How to Give Support
In some cases you might be the first person someone tells that they are in an unhealthy relationship or have been sexually assaulted. It's important to know how to respond and support the person.
The basics of communication are important in this situation.
- Give 100% of your attention
- Be non-judgmental, believe the person and be supportive
- Be aware of your body language and the body language of the person
- Respect confidentiality. Let the person know that you may need to tell someone.
- Take one step at a time. Most importantly, be there for that person.
- Repeat and clarify that you understand what the person is telling you
- Admit what you don't know
- Keep in mind that each case is different.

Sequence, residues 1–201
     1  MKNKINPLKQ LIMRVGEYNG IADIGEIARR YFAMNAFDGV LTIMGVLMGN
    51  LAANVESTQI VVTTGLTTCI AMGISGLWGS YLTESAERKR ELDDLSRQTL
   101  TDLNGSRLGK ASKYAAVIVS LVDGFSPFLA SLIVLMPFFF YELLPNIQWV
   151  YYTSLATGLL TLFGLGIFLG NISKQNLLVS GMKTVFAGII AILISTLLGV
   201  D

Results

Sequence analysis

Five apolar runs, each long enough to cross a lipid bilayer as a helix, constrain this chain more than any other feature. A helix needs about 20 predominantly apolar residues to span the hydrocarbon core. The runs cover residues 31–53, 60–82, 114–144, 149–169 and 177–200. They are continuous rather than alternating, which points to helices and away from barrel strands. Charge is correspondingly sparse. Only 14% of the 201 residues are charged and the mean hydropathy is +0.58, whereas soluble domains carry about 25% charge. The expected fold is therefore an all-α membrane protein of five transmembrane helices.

- Encourage the person to seek help - Offer to call the Interpersonal Violence Prevention Coordinator, Jessica Krohn or visit the Resources page for more help and guidance
- Remember what the person encountered was traumatic and that they may have an array of emotions, including shock, denial, anger, hysteria, and sadness, etc.
It can be stressful and uncomfortable to listen to someone tell about being sexually assaulted or raped- remember to breathe and remain calm while being concerned. Most importantly, be there and don't judge.
Things to avoid when providing support:
- Do not judge or blame.
- Do not pry or ask for details.
- Do not give your opinion or advice.
- Do not talk about you (this is their time).
- Do not pressure them to make a report.
- Do not gossip.
- Do not promise to keep the information confidential.
Helping someone through a traumatic event like a sexual assault or other act of interpersonal violence is difficult, so we've pulled together some information to help you. Our support guidelines will be useful; no matter what your relationship is to the victim.
We have developed helpful information specifically for University faculty/staff members and family/friends.
Visit our Resources
webpage for additional assistance.